The race to the Yalu came to an abrupt halt on the night of November 25, when 200,000 Chinese Communist Forces (CCF)[2] troops attacked the EUSAK lines.

 

Enter the Dragon:  Douglas MacArthur Pays Dearly

 

Rumors of an increasing Chinese intervention in the war had spread like wild fire all over Korea – its flames lapping at the steps of MacArthur’s General Headquarters in Tokyo, and its smoke starting to collect in Truman’s office in Washington, D.C.  MacArthur decided to hush the rumors, preferring to save face and live up to his assertion at Wake Island.  Should it hit the fan, it had been his own G-2 who first dismissed the possibility of Chinese intervention.

Having landed in North Korea at the end of October, the 7th “Bayonet” Division’s 17th Infantry Regiment became the first unit of X Corps to reach the Yalu unopposed.[3]  South of the 17th, sister regimental combat team (RCT) 32nd had set up a forward command post east of the enormous Changjin (Chosin) Reservoir.  A stone throw south of the 32nd, the 1st Marine Division sat astride the artificial reservoir while headquartered at Hagaru-ri.  The 31st RCT and the Republic of Korea Army (ROKA) I Corps stretched in an arc anchoring the northeastern part of the peninsula.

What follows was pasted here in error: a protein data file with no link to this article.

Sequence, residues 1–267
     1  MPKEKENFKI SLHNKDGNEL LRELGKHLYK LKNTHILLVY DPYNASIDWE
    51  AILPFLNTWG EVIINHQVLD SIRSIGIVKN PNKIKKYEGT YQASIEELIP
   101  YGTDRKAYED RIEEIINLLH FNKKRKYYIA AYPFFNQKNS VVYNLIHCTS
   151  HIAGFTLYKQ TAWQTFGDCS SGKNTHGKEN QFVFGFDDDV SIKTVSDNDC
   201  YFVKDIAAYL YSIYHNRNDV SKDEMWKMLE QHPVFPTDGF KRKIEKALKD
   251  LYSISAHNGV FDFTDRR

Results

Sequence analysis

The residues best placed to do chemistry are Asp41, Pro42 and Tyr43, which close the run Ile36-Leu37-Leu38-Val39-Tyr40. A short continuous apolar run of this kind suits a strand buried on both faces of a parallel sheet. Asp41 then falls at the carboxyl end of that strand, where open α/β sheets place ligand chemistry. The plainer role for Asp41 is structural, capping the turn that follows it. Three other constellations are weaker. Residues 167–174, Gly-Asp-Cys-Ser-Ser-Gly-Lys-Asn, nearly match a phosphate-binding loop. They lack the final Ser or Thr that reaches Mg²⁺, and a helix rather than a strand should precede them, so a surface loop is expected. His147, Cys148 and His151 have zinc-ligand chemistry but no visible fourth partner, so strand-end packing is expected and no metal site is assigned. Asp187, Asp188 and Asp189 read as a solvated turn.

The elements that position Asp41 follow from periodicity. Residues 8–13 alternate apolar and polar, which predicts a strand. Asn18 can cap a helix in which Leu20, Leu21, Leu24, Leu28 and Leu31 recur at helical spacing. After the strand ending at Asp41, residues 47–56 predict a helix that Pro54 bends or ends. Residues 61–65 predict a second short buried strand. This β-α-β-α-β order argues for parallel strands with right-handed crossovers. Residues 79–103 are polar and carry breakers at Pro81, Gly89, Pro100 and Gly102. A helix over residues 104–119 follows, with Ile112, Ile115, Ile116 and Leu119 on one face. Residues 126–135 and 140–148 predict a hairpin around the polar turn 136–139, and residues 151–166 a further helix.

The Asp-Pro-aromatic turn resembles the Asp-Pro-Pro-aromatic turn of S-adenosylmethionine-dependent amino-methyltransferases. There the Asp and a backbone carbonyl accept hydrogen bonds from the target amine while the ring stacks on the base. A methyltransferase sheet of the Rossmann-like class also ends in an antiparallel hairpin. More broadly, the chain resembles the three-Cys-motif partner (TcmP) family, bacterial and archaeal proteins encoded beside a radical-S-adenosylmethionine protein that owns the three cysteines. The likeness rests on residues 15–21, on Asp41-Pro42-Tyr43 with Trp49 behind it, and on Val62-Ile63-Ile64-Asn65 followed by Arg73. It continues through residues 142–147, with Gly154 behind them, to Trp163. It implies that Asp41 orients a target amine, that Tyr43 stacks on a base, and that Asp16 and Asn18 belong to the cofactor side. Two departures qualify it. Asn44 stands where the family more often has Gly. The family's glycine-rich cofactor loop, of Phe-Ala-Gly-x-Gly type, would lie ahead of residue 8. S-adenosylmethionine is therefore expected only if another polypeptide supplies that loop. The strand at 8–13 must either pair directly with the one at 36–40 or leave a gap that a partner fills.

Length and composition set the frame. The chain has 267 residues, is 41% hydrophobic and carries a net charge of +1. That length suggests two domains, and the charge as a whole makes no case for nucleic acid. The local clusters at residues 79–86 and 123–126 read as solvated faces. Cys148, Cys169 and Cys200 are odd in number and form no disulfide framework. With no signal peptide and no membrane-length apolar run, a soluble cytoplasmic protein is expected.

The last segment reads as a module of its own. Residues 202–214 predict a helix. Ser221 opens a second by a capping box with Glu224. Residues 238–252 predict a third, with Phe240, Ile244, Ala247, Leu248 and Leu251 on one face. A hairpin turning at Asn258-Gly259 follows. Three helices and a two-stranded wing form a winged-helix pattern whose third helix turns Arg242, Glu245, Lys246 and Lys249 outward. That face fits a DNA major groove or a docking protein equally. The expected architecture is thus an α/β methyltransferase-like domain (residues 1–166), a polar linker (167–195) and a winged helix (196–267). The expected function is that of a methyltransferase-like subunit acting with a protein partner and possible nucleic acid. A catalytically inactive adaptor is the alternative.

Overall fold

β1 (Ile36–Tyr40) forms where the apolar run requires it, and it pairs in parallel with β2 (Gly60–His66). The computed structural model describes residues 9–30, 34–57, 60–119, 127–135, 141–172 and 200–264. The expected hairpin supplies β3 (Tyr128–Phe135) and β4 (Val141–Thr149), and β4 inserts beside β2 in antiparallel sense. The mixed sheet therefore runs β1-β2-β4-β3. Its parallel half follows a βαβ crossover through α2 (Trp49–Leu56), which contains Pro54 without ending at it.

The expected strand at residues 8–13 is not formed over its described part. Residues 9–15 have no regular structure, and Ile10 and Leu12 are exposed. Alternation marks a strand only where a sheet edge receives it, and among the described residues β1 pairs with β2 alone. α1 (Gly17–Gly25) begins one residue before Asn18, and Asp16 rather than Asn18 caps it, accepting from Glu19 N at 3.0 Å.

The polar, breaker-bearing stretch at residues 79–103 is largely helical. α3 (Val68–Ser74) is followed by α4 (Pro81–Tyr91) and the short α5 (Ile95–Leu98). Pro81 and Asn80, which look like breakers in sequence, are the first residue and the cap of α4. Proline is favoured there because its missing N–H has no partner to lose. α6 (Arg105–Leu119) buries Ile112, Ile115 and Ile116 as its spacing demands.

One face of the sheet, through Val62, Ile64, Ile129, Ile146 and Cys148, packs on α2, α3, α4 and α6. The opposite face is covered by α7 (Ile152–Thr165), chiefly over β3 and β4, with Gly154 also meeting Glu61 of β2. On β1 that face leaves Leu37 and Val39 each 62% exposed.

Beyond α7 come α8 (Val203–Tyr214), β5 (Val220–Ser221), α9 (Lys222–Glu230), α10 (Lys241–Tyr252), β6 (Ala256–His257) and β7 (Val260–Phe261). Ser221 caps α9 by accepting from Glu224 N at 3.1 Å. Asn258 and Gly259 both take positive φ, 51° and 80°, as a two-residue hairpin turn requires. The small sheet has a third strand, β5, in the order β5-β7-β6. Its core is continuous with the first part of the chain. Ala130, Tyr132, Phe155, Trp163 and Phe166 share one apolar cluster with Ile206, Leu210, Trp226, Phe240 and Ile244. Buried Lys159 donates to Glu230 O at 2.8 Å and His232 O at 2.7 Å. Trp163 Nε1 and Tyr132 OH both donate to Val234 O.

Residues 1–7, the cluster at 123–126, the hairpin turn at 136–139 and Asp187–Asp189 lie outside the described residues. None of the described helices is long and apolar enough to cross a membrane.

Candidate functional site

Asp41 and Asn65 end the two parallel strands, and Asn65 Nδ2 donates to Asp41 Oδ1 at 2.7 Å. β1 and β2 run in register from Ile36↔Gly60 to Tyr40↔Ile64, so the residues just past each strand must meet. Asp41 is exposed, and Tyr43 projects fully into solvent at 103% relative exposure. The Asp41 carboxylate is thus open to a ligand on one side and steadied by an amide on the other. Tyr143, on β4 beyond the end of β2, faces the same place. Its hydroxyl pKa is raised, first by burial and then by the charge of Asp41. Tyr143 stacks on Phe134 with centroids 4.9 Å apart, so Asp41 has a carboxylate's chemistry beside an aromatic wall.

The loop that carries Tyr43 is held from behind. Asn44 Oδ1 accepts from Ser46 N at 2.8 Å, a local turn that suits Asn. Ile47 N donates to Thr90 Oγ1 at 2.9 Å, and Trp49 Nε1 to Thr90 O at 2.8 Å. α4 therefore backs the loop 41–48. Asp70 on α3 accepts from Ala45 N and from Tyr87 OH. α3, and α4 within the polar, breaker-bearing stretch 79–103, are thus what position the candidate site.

During a hasty visit to the 32nd RCT the day after the CCF attack on EUSAK, Ned Almond accepted the rumors, yet emphasizing that there were not two divisions in the whole of North Korea.  The Chinese they had been talking about were “nothing more than some remnants of Chinese divisions fleeing north.”  His X Corps was still attacking and was going all the way to the Yalu.  He further spurred his commanders to continue and not to “let a bunch of Chinese laundrymen stop you.”[4]  The plan had been that once North Korea had been cleaned up, the ROKA would take over and the UNC would pull out of Korea.  His “incomprehensible” strategy now had X Corps fragmented across a huge front.